The appearance of right-sided mural infective endocarditis has rarely been reported. Here, we report the case of a 40-year-old male with a history of alcoholic liver disease who presented with a partial loss of consciousness and fever. Chest computed tomography scans showed multiple pulmonary infiltration sites and cavities. A repeat transthoracic echocardiogram detected a vegetation on the right ventricular surface of the interventricular septum middle segment, as well as pericardial effusion. Blood, pericardial fluid, sputum, and scalp effusion cultures were positive for methicillin-sensitive Staphylococcus aureus. We diagnosed the patient with infective mural endocarditis complicated by septic pulmonary embolism, pericardial effusion, and cardiac tamponade. The patient was successfully treated with pericardiocentesis and appropriate antibiotics. Right-sided mural endocarditis complicated by pericardial effusion and cardiac tamponade is an uncommon condition in clinical practice. This case confirms the usefulness of transthoracic echocardiography in the early recognition of primary mural endocarditis and its associated complications.
- Methylprednisolone and plasmapheresis are effective for life-threatening diffuse alveolar hemorrhage and gastrointestinal hemorrhage in granulomatosis with polyangiitis: A case report and literature review. [Case Reports]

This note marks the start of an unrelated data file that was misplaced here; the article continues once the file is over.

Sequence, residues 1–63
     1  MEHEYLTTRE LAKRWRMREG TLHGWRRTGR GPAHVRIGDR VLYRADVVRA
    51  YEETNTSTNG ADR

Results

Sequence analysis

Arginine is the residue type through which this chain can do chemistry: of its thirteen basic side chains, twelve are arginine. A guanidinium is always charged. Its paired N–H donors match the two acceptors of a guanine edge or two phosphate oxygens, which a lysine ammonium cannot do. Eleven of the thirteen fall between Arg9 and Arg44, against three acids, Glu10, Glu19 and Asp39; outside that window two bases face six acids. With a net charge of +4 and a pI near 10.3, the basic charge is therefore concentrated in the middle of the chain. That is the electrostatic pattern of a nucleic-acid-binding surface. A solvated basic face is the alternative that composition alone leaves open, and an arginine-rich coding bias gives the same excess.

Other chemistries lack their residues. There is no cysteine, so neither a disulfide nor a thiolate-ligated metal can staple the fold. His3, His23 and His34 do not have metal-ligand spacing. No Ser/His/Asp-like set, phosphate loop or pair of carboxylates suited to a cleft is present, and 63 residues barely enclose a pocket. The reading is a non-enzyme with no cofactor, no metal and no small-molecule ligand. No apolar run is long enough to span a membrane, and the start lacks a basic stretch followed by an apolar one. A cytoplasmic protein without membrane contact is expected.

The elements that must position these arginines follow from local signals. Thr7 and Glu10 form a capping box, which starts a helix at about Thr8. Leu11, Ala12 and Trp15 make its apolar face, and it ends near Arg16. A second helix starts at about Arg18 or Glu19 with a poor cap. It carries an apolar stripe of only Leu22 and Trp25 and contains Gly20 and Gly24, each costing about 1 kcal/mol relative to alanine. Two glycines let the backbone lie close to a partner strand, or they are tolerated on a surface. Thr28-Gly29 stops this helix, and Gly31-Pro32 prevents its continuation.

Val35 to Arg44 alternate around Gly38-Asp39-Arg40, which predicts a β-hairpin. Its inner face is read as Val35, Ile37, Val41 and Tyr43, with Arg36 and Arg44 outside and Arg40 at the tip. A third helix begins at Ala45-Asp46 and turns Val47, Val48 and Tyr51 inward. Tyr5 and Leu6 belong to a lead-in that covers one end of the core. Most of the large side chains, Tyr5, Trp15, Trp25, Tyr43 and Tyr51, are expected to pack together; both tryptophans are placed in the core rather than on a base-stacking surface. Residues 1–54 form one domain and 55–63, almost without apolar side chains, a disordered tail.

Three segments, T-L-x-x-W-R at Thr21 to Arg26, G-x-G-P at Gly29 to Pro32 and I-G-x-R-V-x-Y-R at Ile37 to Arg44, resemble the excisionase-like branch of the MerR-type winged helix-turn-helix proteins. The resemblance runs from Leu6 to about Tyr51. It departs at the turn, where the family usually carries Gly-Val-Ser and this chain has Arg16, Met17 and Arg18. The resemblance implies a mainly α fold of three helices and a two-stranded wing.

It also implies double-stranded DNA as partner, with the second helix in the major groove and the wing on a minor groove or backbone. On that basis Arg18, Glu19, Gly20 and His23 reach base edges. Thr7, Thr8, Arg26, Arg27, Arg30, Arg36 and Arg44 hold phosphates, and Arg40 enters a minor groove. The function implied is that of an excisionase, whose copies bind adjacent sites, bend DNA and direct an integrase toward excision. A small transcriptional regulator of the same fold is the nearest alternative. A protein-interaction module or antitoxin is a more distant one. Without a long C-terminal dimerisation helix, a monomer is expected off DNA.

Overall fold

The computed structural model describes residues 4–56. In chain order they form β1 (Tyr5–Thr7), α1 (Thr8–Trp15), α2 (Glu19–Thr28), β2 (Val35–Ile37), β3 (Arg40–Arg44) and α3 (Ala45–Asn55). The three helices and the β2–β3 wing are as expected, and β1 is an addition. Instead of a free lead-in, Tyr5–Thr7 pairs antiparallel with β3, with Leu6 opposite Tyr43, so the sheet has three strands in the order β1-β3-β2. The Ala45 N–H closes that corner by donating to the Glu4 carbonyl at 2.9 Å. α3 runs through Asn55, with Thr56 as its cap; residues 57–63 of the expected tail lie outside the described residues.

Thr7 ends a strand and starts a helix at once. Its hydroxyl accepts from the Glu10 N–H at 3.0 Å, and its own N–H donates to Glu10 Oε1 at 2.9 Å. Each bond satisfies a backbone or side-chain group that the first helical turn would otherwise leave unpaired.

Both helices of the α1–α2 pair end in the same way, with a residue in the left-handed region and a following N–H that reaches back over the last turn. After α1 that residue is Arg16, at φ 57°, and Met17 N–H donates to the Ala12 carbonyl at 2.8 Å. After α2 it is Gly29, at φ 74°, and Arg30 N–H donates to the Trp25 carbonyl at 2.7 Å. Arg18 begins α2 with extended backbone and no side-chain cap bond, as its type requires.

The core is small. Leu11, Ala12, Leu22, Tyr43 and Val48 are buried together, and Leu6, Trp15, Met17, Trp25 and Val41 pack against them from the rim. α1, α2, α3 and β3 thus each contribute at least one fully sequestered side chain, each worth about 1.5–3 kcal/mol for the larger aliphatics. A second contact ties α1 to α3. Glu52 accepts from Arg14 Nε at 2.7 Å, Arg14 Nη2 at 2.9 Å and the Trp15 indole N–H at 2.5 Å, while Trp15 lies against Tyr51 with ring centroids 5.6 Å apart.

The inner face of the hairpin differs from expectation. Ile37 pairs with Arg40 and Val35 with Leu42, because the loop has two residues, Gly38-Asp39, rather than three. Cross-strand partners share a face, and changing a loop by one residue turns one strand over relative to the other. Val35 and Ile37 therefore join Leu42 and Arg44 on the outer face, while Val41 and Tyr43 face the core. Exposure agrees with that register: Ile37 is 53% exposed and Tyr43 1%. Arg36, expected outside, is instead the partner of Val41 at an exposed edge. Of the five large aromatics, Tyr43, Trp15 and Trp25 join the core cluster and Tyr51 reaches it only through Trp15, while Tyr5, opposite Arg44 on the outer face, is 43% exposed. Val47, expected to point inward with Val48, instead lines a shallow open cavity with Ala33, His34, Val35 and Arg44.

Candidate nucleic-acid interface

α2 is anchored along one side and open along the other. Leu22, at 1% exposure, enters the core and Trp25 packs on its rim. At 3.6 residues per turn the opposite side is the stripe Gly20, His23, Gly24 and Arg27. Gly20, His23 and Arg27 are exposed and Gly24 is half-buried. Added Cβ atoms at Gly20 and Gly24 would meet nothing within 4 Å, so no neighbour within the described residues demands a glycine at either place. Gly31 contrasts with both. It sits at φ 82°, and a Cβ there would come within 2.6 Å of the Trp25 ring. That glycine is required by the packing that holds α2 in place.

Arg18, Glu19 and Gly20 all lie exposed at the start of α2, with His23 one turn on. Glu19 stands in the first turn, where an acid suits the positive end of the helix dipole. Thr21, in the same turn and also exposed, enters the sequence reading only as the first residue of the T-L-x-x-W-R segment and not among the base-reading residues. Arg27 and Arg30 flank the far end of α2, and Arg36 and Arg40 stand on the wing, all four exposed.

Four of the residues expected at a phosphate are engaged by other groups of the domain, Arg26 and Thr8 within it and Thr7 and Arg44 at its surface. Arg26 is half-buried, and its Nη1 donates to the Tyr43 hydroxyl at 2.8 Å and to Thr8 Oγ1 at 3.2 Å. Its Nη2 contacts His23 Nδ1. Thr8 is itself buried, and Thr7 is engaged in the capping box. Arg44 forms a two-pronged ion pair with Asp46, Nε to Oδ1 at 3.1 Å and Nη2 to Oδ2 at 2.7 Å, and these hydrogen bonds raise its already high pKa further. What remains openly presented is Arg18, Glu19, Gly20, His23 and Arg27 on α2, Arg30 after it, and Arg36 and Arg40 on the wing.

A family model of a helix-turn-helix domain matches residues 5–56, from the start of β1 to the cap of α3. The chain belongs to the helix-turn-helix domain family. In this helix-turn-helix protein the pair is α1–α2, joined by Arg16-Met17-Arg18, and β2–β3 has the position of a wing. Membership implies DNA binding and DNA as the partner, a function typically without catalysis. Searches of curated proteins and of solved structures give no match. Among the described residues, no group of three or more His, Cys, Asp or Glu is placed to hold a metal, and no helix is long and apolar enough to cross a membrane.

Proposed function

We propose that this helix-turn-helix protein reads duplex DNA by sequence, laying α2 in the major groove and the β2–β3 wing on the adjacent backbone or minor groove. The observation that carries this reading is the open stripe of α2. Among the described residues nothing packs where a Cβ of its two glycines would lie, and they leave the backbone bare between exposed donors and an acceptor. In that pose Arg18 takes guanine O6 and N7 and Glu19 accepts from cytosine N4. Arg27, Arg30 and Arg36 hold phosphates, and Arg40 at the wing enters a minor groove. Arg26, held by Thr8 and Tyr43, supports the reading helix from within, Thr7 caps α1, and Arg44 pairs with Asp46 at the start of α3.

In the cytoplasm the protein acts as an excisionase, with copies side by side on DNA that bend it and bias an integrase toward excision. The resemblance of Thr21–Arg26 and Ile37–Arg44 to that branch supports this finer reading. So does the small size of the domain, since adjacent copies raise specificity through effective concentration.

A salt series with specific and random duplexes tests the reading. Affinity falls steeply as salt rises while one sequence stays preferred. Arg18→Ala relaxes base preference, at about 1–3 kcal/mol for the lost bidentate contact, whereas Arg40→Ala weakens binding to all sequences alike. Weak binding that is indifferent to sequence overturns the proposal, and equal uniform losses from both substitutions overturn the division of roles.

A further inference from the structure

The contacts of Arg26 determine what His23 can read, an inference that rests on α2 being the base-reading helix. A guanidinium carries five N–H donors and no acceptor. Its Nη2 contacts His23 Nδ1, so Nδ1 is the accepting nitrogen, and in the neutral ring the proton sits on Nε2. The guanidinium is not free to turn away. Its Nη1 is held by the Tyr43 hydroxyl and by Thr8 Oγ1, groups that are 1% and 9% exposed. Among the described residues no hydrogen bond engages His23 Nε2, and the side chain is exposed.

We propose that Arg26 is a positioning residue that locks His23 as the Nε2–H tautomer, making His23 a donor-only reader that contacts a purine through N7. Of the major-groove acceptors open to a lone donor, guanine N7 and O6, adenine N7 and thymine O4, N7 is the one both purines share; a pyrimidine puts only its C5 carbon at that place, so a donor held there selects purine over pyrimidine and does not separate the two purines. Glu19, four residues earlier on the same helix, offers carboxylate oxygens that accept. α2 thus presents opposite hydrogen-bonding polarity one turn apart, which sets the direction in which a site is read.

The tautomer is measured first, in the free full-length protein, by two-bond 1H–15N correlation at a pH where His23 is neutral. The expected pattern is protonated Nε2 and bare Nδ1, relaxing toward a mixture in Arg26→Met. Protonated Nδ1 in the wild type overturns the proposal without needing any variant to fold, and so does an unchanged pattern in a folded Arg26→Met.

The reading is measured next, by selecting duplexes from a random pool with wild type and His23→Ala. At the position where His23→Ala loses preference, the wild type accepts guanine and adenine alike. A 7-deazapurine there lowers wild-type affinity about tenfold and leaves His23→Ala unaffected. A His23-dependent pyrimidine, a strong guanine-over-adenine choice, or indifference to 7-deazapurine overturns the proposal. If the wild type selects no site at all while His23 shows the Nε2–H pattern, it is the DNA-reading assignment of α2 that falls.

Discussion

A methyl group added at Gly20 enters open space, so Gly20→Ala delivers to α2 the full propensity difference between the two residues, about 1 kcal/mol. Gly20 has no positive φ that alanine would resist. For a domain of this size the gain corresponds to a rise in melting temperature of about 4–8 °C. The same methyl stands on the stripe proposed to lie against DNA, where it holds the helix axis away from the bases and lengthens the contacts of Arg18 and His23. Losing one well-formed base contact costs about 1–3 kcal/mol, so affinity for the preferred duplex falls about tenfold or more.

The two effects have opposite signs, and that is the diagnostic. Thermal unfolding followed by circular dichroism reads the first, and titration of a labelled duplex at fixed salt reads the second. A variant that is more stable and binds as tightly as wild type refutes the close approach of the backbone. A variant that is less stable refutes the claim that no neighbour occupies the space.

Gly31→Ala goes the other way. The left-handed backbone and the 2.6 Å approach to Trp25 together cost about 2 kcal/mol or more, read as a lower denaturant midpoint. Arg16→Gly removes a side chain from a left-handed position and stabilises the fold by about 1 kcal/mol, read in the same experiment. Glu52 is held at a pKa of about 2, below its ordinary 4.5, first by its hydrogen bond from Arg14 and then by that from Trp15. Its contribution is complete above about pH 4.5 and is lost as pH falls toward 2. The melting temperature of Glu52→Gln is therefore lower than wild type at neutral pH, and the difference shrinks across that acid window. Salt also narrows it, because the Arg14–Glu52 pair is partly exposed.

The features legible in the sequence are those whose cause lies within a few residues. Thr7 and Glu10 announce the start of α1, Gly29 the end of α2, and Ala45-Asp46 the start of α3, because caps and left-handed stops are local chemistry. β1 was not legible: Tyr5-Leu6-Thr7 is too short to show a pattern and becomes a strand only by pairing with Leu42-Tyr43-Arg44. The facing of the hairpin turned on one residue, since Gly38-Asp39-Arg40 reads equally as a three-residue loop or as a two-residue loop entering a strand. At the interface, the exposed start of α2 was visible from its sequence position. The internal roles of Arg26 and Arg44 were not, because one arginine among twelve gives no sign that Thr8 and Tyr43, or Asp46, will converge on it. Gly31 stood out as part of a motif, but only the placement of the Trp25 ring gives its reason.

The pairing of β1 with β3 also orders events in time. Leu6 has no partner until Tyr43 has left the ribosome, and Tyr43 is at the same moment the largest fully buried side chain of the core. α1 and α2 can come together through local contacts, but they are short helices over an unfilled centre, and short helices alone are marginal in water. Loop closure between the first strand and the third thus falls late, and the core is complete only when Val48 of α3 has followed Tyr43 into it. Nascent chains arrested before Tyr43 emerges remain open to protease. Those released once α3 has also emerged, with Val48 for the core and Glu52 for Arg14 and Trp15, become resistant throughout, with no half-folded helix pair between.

- MMedicine (Baltimore) 2018; 97(17):e0592
- CONCLUSIONS: Effective remission-induction therapy is a key to survival, while maintaining a balance between immunosuppression and avoiding infection is another challenge.
- Radiological signs associated with pulmonary multi-drug resistant tuberculosis: an analysis of published evidences. [Journal Article]
- QIQuant Imaging Med Surg 2018; 8(2):161-173
- CONCLUSIONS: Thick-walled multiple cavity lesions present the most promising radiological sign for MDR-TB diagnosis. For future studies cavity lesion characteristics should be quantified in details.
- Pharmacokinetics of rifapentine and rifampin in a rabbit model of tuberculosis and correlation with clinical trial data. [Journal Article]
- STSci Transl Med 2018 Apr 04; 10(435)
- In clinical trials of two rifamycin antibiotics (rifampin and rifapentine) for treating tuberculosis (TB), patients with cavitary lung lesions did not appear to derive benefit from rifapentine. Rifap...